Soldiers Must Be Ready for Tech-Free Battles
Senior U.S. Army enlisted members caution that increasing reliance on technology may be eroding essential soldiering skills.
At the Association of the U.S. Army-sponsored LANPAC Symposium and Exposition in Honolulu, U.S. command sergeants major warned that the advantages technology is bringing to battlefields in targeting, navigation, automation and communications take time to master, and may leave less time for training on basic soldier tasks.
This isn’t a new fear. Increased use of global positioning devices means there may be fewer soldiers proficient in GPS-free navigation. Wider deployment of training simulators may be teaching soldiers how to fight in the artificial environment but not on real-world battlefields.
The issue, said Command Sgt. Maj. Timothy A. Guden of the U.S. Army Training and Doctrine Command, is “are we sacrificing training on basic soldier tasks to become proficient on modernization?”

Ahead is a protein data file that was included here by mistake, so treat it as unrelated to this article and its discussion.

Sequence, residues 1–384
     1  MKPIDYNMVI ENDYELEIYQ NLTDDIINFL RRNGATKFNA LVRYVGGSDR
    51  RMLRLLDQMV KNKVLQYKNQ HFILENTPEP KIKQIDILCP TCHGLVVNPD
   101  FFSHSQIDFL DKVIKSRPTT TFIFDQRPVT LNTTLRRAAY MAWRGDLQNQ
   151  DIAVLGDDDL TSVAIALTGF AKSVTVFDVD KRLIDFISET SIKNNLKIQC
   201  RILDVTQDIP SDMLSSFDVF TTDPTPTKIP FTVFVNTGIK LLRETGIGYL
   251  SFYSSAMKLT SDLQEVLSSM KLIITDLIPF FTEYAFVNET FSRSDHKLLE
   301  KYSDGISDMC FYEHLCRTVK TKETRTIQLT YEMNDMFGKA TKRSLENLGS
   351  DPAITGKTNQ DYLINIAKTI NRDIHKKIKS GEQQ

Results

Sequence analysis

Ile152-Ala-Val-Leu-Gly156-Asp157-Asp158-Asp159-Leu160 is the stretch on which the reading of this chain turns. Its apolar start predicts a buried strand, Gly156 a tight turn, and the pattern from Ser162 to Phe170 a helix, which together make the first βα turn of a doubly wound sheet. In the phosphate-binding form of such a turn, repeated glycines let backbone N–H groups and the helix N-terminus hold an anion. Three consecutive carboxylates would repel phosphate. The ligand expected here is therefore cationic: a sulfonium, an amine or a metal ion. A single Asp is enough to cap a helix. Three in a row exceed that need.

The U.S. Army Materiel Command’s Command Sgt. Maj. Rodger Mansker, whose focus is on logistics and sustainment, said the fundamentals cannot be overlooked. “We have become a little too much ‘gamish’ and not concentrated enough on the basics,” he said, calling for a balance. The Army needs to leverage technology to its benefit but have strong tactical skills when technology doesn’t work as planned, he said.
It is also important to recognize that technology doesn’t solve every problem, Mansker said. For example, recovery of a vehicle flipped on its side in mud isn’t aided as much by new technology as it is about how to use a block and tackle, he said.
Command Sgt. Maj. Clifford Owens, of the U.S. Army Asymmetric Warfare Group, said soldiers need to learn how things change when systems are turned off, which requires knowing how to read a map. He’s been working on subterranean warfare tactics, which he described as “one of the worst fighting environments” because of limited or no communication, risks if you use lights or don’t use them, and the difficulty of firing weapons in tight conditions. “Almost everything you do can kill you,” he said.